Yes, Chris Christie, “˜Not Every Vaccine Is Created Equal.’ Get Them Anyway.

When a vaccine is ineffective, it’s even more important for everyone to have it.

National Journal
Brian Resnick
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Brian Resnick
Feb. 2, 2015, 7:52 a.m.

With pres­id­en­tial primary sea­son loom­ing, New Jer­sey Gov. Chris Christie is fi­nally voicing his opin­ion on na­tion­al is­sues. And out of the gate, he’s stir­ring up con­tro­versy. Monday morn­ing, Christie said that while he be­lieves vac­cin­a­tion is a pub­lic good, par­ents should have a de­gree of choice in the mat­ter. The Wash­ing­ton Post quoted him say­ing, “Not every vac­cine is cre­ated equal, and not every dis­ease type is as great a pub­lic health threat as oth­ers.” These com­ments come just a day after Pres­id­ent Obama urged all par­ents to “get your kids vac­cin­ated,” in light of the re­cent measles out­break in Cali­for­nia.

Christie’s of­fice did cla­ri­fy his po­s­i­tion. “There is no ques­tion kids should be vac­cin­ated,” a state­ment read. But his thoughts on policy are vague. He calls for “a meas­ure of choice,” and “bal­ance” over which vac­cines the gov­ern­ment should man­date. Yes, it would be prob­ably be weird pub­lic policy if the U.S. gov­ern­ment took a to­tal­it­ari­an ap­proach: bar­ging in­to homes with nurses and syr­inges. There are some le­git­im­ate reas­ons not to vac­cin­ate a child. Al­ler­gic re­ac­tions can hap­pen. There are tricky vac­cin­a­tion de­cisions to make for chil­dren born with HIV. But for the vast, vast ma­jor­ity of chil­dren, vac­cines are safe, and they should stay to the pre­scribed sched­ule.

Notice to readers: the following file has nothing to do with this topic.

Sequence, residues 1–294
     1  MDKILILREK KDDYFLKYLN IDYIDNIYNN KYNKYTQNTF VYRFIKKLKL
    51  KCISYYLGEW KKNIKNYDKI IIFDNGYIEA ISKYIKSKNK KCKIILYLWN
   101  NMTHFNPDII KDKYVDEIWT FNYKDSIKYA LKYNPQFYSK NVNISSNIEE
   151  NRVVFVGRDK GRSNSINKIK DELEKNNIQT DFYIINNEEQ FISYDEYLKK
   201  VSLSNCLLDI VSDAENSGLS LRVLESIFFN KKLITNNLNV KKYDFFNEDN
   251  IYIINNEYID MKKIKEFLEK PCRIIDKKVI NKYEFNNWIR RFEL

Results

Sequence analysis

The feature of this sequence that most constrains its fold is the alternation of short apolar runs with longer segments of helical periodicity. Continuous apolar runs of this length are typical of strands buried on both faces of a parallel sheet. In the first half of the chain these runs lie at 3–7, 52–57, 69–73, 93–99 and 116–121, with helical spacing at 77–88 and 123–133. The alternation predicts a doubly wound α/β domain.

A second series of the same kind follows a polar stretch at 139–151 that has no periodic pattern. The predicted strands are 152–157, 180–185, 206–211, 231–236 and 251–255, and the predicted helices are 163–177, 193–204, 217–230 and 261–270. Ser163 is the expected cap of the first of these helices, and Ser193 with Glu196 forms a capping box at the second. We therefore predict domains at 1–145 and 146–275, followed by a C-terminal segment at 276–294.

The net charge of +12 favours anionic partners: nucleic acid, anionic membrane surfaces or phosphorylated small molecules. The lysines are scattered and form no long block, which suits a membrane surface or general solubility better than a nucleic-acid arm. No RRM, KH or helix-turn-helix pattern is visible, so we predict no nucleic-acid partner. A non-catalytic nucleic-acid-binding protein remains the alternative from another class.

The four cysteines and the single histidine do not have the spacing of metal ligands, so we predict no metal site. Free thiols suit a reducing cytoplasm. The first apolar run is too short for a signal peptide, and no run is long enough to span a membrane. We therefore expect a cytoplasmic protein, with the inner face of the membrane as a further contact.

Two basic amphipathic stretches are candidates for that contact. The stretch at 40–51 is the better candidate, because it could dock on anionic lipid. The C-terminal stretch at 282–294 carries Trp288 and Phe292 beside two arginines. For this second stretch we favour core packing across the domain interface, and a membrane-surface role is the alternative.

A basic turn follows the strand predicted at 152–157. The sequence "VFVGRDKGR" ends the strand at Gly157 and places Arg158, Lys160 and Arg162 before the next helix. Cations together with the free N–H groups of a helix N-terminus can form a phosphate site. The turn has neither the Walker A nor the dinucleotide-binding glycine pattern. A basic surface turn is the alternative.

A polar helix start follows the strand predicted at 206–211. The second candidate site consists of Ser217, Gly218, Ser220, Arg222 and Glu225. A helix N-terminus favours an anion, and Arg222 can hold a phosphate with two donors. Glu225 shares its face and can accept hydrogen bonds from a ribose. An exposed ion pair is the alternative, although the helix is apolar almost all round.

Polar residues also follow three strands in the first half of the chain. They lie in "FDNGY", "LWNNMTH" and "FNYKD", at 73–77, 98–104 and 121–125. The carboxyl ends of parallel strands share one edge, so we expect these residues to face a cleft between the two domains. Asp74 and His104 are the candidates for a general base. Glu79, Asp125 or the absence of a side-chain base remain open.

If Christie is ad­voc­at­ing for the par­ent­al right to choose vac­cin­a­tions à la carte (it isn’t clear if he is) based on how ef­fect­ive the vac­cines are and how dan­ger­ous the dis­eases are, his think­ing is curi­ous. Look no fur­ther than the mumps and the flu.

The mumps vac­cine — in­cluded in the MMR shot that also in­ocu­lates for measles and ru­bella — is not that great. De­pend­ing on how many doses a per­son gets, the mumps vac­cine is about 80 to 90 per­cent ef­fect­ive. Mean­ing that out of 100 people with the shot, about 20 still might be able to get the mumps.

But more people with the vac­cine means few­er op­por­tun­it­ies for those 20 people to be­come in­fec­ted. It’s called herd im­munity: Hav­ing more people in a com­munity with the mumps vac­cine makes every in­di­vidu­al’s dose of the vac­cine, in ef­fect, stronger. For mumps, doc­tors say between 88 and 92 per­cent of people in a group need to have the vac­cine to keep the dis­ease from spread­ing.

And con­sider the flu, a dis­ease that most healthy kids can ride out just fine. It’s really im­port­ant for chil­dren to get the flu shot. Be­cause kids are gross. Chil­dren most read­ily pass the flu on to oth­ers, in­clud­ing the eld­erly, who of­ten don’t ride out the dis­ease just fine. The journ­al Vac­cine finds that the op­tim­al way to mit­ig­ate a flu sea­son is to pri­or­it­ize kids.

So yes, Gov­ernor, not all vac­cines are cre­ated equal. And neither are dis­eases. But wheth­er those facts should factor in­to a vac­cin­a­tion de­cision … well, it’s a lot more com­plic­ated than that.

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